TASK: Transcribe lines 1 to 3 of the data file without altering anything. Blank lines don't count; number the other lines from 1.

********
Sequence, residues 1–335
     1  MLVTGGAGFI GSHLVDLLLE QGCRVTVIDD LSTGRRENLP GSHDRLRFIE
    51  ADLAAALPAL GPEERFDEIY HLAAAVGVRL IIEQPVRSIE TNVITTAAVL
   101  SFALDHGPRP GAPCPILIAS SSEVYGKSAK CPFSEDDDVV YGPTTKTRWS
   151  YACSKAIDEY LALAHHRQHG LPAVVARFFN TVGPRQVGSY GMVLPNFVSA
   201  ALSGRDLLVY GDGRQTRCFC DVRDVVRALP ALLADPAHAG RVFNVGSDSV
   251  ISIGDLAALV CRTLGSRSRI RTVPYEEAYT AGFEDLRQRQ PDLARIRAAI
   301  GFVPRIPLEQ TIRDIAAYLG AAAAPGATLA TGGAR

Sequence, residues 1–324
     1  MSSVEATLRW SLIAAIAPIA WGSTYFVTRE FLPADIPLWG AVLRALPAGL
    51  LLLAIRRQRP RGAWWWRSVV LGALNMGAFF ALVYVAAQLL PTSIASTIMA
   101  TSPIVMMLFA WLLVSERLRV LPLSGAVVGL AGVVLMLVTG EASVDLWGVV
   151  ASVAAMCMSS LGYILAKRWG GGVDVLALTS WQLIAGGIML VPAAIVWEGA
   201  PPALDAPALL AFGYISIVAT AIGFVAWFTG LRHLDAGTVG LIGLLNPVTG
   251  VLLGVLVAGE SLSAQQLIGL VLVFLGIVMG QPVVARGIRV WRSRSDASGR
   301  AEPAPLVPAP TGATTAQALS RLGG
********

Sequence, residues 1–335
     1  MLVTGGAGFI GSHLVDLLLE QGCRVTVIDD LSTGRRENLP GSHDRLRFIE
    51  ADLAAALPAL GPEERFDEIY HLAAAVGVRL IIEQPVRSIE TNVITTAAVL